Earlier this week, YES Bank, a mid-sized private sector bank with assets worth over $40 billion, effectively imploded. The bank was put under a moratorium by the RBI and some of its senior executives are under investigation by the police. Because YES Bank is India’s fourth largest bank in the private sector, its collapse has had a major impact on millions of customers. The worst-affected by the collapse are those who are least able to afford it: small traders and MSMEs.
Concerningly, this is not an isolated event, one of the major reasons behind the Indian economy’s long-term slowdown is a major issue with NPAs, both at public sector banks and private banks like YES Bank, caused by profligate lending to bad actors. While a bailout might rescue YES Bank, the structural issues with the banking system mean that small traders and MSMEs will continue to have a hard time. Here are some ways that the YES Bank debacle has affected these two groups, both directly and indirectly.
Despite demonetisation and efforts by the government to promote alternative payment methods, cash remains a critical aspect of the Indian economy. Approximately 85 to 90 per cent of retail transactions are in cash. And, contrary to expectations, Indians now keep more cash at home than they did before demonetisation. Much of this is because of trust and the perceptions. The NPA issue, news reports about bank mismanagement, and digital security incidents all contribute to a general feeling of mistrust towards non-cash payment methods. The YES Bank collapse is likely to aggravate this. The moratorium on YES Bank cash withdrawals highlights one of the key risks, that cash may not be available when it’s needed.
This has a major impact on traders and MSMEs. It impacts the adoption rate of digital transactions, MSMEs might be less comfortable accepting non-cash payment and so would their suppliers. This will result in a significant opportunity cost as MSMEs continue to miss out on the benefits of digital transactions.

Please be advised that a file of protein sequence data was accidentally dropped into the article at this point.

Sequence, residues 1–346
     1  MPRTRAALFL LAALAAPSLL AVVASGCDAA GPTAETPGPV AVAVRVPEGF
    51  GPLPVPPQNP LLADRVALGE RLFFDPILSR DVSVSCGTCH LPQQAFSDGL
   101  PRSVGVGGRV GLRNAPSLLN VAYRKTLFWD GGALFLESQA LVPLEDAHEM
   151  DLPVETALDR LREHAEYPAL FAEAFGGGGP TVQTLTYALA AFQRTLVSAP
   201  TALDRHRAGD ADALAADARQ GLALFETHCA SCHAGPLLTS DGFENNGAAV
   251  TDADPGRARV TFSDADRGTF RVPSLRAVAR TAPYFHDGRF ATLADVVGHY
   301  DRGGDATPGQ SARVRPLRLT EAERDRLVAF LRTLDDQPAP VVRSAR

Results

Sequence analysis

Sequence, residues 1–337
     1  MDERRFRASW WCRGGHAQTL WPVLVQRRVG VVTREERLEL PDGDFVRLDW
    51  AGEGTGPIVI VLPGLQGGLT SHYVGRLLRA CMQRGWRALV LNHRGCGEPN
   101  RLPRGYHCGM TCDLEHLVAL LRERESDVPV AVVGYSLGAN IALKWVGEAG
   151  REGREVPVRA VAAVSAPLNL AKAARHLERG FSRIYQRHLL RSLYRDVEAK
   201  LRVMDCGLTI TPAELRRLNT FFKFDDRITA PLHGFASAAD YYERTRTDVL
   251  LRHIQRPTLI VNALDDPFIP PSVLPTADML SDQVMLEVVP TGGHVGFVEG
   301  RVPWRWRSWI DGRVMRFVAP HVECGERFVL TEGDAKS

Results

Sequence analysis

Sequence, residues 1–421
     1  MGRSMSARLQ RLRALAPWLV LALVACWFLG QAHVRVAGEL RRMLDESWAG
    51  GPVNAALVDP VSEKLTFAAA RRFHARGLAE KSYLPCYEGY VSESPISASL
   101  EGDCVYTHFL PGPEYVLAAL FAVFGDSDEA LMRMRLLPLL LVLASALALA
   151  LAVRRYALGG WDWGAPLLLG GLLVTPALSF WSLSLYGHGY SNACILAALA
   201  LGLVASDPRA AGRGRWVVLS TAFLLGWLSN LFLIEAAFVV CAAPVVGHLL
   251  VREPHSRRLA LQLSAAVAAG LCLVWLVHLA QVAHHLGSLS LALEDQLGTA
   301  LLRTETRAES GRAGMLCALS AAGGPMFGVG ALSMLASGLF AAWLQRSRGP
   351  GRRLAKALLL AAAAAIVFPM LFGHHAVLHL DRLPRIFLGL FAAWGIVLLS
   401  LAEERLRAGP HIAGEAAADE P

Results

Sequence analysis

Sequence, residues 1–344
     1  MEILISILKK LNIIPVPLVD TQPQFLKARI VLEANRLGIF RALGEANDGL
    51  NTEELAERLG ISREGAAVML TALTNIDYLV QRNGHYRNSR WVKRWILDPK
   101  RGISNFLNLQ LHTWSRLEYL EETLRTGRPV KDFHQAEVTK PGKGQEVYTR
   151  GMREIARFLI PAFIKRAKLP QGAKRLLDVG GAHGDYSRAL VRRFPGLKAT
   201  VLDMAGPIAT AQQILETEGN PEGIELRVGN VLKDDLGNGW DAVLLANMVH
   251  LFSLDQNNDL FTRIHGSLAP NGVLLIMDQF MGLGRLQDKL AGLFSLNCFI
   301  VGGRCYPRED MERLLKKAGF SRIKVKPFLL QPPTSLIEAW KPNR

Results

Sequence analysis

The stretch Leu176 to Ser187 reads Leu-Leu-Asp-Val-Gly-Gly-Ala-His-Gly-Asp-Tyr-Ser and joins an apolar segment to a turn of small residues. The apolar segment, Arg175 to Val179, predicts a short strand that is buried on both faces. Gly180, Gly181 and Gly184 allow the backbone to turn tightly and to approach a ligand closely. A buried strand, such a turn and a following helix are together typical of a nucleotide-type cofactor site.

Indian MSMEs are very vulnerable to problems with cash flows, they are often highly leveraged and have minimal cash reserves. This means that any negative externality that impacts day to day working capital levels can bring business grinding to a halt. Traders who have accounts with YES Bank will be hit hard by the moratorium on withdrawals, especially if they do not have accounts at other banks. While the withdrawal cap is likely to be lifted in a matter of weeks, many traders simply might not have reserve liquid funds to accommodate this interruption. They might have to rely on informal sources of credit at high rates of interest. Alternatively, they might have to tighten day-to-day working capital expenses by limiting purchases. This would adversely affect their clientele as product availability would then be limited.
While tightening day-to-day expenditure might help to a certain extent, MSMEs and small traders face a much bigger challenge. They need to find a way to make their minimum required purchases, make pending credit payments, as well as paying out salaries and filing their GST returns. While collecting pending payments from customers is one possibility, they might not be able to do this if their customers have YES Bank accounts. Lacking other options to deal with these unavoidable costs, MSMEs might resort to loans from informal lenders at exorbitant interest rates.
The malaise underlying the Indian banking system is that it caters to the interests of large-scale customers to the detriment of millions of small-scale account holders, many of whom are MSMEs. The systematic issues in the banking system, and particularly the NPA crisis are largely due to profligate lending to large entities. This reduces the number of capital banks have on hand to lend to everyone else. Indian MSMEs need credit more than any other business entity. The collapse of YES bank, the resultant loss of trust, and the general credit availability issues plaguing the banking sector hit MSMEs the hardest. Instead of having access to formal credit channels at preferential rates, they’re often forced to resort to predatory lenders. Extreme credit terms erode the long-term sustainability of many MSMEs, greatly increasing their likelihood of failure. In the shorter-term, many MSMEs who bank with YES bank, especially smaller, highly-leveraged ones with high working capital needs, run the real risk of failure before the withdrawal moratorium is even lifted.
The YES Bank crisis must not be looked at in isolation. It’s symptomatic of the greater issues currently affecting the Indian banking system and the Indian economy on the whole. The only long-term solution here is to re-engineer a banking system that makes accountability a key priority.
The author is the Co-Founder of Biz Analyst